It only took Gary Howell 15 years to successfully complete a mountain goat hunt. He started his quest in 2004 in British Columbia. He finished it in early December when he finally took a mature ram in southeastern Alaska.
The Tyler hunter was 56 years old when he first chased mountain goats. Because of the nature of the animals, it was a tough outing.
“It was a five-day, backpack in and climb the mountain kind of thing. We were seeing young, immature rams with 4- and 5-inch horns. We saw one mature ram, but it was about a mile away,” Howell recalled of the first adventure.
Since then Howell has hunted around the world including an African safari and hunts in North America for elk, pronghorn and mule deer. This year he got another chance to fulfill his goal of a mountain goat, but this time hunting in a style he said was “for old guys like me.”
Howell said he had looked at a number of hunt options, including some similar to his first attempt, but maybe not as strenuous before settling on a hunt with Parker Guide Service. He picked the option based on the recommendation of several other Texas hunters who had gone in the past.
Unlike his first attempt, this hunt was filled with plane flights and boat rides. First a flight to Juneau and then a floatplane to a large houseboat that would be his home for a week. Instead of mountain climbing the hunt would utilize smaller boats for spotting the goats.
“We embarked every morning on 16-foot skiffs. We had the guide, a young retriever and maybe one other hunter,” Howell explained. “We stayed out from 9 until the earliest we got in was 5. That was not so bad, but the weather pummeled us the whole time, rain, sleet or snow.”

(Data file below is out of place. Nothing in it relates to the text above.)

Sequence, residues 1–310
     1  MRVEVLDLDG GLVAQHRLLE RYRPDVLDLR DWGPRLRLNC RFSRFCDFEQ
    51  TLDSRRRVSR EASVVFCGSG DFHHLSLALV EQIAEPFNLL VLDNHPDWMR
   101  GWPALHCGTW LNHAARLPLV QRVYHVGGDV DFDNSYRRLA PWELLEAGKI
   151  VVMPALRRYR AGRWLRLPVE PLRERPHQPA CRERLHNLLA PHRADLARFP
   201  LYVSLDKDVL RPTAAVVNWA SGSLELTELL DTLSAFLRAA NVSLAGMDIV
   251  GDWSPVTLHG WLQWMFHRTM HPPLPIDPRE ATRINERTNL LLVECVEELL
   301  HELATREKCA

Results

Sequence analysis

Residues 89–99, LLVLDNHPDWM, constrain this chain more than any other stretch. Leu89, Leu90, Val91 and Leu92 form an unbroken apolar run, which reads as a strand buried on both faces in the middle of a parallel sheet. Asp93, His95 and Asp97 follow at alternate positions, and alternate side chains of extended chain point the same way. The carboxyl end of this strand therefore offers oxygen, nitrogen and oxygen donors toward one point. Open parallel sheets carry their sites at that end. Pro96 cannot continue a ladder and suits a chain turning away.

Using boats is not an unusual technique for spotting game in Alaska and Canada. It is also commonly used at times for bear and moose. It works for fall mountain goat hunting in the fall because snowfall and rutting activity brings the rams to a lower elevation.
While covering territory was easier by boat getting a shot was still difficult. The inlets where Howell was hunting featured steep rocky climbs from the water up to a spot onshore where a hunter might be able to set up for a shot.
The surrounding peaks were 3,500 to 4,000 feet high. That made Howell’s trip even more difficult because it was pre-rut and most rams were still at higher elevations.
“There was never a lack of goats. We were seeing 50 to 75 every day, but could not get to them. You have to wait until they come down somewhere reasonable for you,” Howell said.
Howell had told the guide he wanted nothing short of a mature ram and would be willing to go home empty-handed before settling on a younger animal. His first chance did not come until the fifth day of the hunt.
“It was right at dark. They had to use a rope to help hoist me up the bank. The ram was probably 500 or 600 yards away. It was a good goat, but the minute I got the tripod set up he dropped down in a dip and we never saw him again,” Howell said.
Constantly chilled by the 30-degree temperatures and precipitation, Howell said he realized two things, even this style of mountain goat hunting was difficult without the right conditions, and that rain gear is not 100 percent water repellent no matter what the label says.
With only two days remaining Howell said his guide was beginning to worry they may not get a shot, something the guide had never had happen in his more than 27 years in the business.
Day 6 came and went. But the next morning, the last morning, a mature ram was spotted. Howell moved about 50 yards on shore and quickly got set up for a shot. But it was not a chip shot.
“I estimated the incline at about 35 degrees. The spotter said the shot was 525 yards,” Howell said.
Howell said because of the incline the shot was more like a 400-yard shot on flat ground. Armed with a .300 Winchester magnum topped with a 4X16 scope, he made the shot.
Howell was anxious to get his hands on the hard-earned trophy, but the outfitter eventually convinced him taking the hike up the mountainside was better left to the young, so as he waited on flatter ground the young skinner climbed the steep terrain and returned with the cap, skull and meat.
The guide estimated the 350-pound ram sporting 10-inch horns to be at least 10 years old and facing its last winter. It was definitely a perfect animal to take.
And while Howell returned to the lower 48 with his trophy after 15 years, he also helped the local population like so many hunters do by donating the meat to those who need it going into winter.